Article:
from The American Heritage® Dictionary of the English Language, 5th Edition.

  • noun A mood disorder characterized by alternating periods of elevated and depressed mood.

from the GNU version of the Collaborative International Dictionary of English.

  • noun a mild bipolar disorder.

from Wiktionary, Creative Commons Attribution/Share-Alike License.

  • noun medicine a chronic mental disturbance characterized by mood swings and depression

from WordNet 3.0 Copyright 2006 by Princeton University. All rights reserved.

  • noun a mild bipolar disorder that persists over a long time


from Wiktionary, Creative Commons Attribution/Share-Alike License

From the Ancient Greek κῠκλος (kuklos, "circle") + θῡμός (thūmos, "temper”, “disposition").


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  • Darnall Army Community Hospital and a diagnosis of cyclothymia, a form of bipolar disorder with mood swings.

    Open your Heart to the System that is War 2009

  • The distinction between full-blown manic-depressive illness and cyclothymic temperament is often an arbitrary one; indeed, almost all medical and scientific evidence argues for including cyclothymia as an integral part of the spectrum of manic-depressive illness.

    Touched with Fire Kay Redfield Jamison 1993

  • The creative significance of the tension and reconciliation of naturally occurring, opposite emotional and cognitive states in artists with manic-depressive illness or cyclothymia its milder temperamental variant, and the use of art by artists to heal themselves, are examined as well.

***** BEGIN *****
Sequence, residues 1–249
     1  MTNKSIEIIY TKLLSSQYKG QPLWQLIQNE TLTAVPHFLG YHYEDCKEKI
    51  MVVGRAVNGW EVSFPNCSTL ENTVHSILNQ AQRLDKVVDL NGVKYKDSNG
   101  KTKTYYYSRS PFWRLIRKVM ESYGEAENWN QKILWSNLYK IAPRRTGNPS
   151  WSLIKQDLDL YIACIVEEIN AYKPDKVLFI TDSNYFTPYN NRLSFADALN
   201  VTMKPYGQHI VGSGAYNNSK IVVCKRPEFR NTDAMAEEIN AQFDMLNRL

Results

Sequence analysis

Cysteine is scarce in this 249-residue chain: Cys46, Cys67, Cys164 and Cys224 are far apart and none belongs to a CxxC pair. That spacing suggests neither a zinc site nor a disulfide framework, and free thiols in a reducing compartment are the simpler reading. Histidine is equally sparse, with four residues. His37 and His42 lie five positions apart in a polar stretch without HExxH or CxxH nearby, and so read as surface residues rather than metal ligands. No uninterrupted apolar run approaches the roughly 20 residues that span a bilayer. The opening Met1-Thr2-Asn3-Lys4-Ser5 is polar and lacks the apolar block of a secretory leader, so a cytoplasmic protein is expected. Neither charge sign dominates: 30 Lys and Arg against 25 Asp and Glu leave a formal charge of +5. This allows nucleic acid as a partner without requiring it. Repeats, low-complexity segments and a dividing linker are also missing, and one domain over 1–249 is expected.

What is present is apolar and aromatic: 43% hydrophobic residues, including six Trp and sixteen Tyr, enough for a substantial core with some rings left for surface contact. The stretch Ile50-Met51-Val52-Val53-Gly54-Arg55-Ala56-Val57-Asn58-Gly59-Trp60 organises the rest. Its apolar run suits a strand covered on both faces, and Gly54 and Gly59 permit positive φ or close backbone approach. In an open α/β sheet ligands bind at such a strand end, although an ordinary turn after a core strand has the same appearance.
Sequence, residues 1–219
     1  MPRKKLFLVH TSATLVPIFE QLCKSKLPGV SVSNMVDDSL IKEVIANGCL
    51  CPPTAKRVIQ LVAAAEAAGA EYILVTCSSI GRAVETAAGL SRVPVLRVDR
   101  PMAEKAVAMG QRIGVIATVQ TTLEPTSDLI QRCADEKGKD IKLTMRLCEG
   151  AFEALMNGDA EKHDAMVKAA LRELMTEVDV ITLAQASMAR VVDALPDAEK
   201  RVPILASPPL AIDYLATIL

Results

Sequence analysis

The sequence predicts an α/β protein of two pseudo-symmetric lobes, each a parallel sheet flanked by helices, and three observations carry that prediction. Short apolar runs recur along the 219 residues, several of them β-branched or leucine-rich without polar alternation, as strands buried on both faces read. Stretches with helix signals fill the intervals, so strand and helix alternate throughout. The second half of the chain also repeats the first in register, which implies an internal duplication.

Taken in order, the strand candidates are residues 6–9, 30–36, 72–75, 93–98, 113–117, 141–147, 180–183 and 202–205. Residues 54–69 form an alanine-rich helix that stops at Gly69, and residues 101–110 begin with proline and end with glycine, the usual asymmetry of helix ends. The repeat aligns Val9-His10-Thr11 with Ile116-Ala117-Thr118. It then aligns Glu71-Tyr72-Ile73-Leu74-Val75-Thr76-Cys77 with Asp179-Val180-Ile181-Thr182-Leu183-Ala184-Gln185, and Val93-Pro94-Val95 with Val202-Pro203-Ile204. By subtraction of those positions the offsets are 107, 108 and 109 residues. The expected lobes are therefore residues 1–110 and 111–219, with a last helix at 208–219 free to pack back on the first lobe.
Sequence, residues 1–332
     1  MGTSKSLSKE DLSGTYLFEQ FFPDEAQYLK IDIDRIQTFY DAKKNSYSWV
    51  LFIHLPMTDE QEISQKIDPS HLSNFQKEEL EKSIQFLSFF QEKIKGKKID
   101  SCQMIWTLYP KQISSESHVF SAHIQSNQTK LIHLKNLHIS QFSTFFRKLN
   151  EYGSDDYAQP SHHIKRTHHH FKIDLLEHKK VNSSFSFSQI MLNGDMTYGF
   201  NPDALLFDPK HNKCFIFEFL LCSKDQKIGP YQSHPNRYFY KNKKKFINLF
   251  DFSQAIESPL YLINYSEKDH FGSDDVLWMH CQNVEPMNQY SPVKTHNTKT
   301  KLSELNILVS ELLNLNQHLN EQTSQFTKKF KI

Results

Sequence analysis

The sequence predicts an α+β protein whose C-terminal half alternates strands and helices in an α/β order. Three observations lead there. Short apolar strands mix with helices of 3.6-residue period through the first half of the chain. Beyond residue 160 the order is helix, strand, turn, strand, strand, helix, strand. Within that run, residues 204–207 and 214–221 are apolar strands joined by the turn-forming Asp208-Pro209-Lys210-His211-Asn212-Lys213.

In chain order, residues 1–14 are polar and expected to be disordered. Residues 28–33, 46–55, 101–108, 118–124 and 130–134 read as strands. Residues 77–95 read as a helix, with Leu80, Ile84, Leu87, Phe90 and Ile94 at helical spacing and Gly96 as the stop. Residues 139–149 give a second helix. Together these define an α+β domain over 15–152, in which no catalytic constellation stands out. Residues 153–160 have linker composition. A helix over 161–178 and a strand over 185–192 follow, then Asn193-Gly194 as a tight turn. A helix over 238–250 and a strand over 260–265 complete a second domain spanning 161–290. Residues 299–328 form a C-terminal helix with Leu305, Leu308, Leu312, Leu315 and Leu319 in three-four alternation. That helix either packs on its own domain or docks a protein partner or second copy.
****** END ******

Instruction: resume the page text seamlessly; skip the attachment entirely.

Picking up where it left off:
Touched with Fire Kay Redfield Jamison 1993

  • They also can be misleading in their treatment implications, as illustrated by the shift of cyclothymia from a personality disorder, which is theoretically unresponsive to biologic treatment, to a mood disorder, which is theoretically responsive to biologic treatment.

    The Neuropsychiatric Guide to Modern Everyday Psychiatry Michael Alan Taylor 1993

  • These vary in severity from cyclothymia—characterized by pronounced but not totally debilitating changes in mood, behavior, thinking, sleep, and energy levels—to extremely severe, life-threatening, and psychotic forms of the disease.

    Touched with Fire Kay Redfield Jamison 1993

  • Manic-depressive illness is relatively common; approximately one person in a hundred will suffer from the more severe form and at least that many again will experience milder variants, such as cyclothymia.

    Touched with Fire Kay Redfield Jamison 1993

  • Clearly not all individuals who have cyclothymia go on to develop the full manic-depressive syndrome.

    Touched with Fire Kay Redfield Jamison 1993

  • The standard diagnostic criteria for mania, hypomania, major depression, and cyclothymia, as well as more clinically descriptive criteria for cyclothymia, are given in Appendix A.

    Touched with Fire Kay Redfield Jamison 1993

  • Six poets—Oliver Goldsmith, Robert Burns, Walter Savage Landor, Thomas Campbell, John Keats, and Robert Stephen Hawker—probably had milder forms of manic-depressive illness cyclothymia or bipolar II disorder, although Keats and Burns died before it became clear what the ultimate severity and course of their mood disorders would have been.

    Touched with Fire Kay Redfield Jamison 1993

  • Cyclothymia and related manic-depressive temperaments are also an integral and important part of the manic-depressive spectrum, and the relationship of predisposing personalities and cyclothymia to the subsequent development of manic-depressive psychosis is fundamental.

    Touched with Fire Kay Redfield Jamison 1993


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  • Events all conspire to annoy

    And forces of evil deploy.

    No ailment is timelier

    Than this cyclothymia

    That unbid gives moments of joy.

    November 17, 2016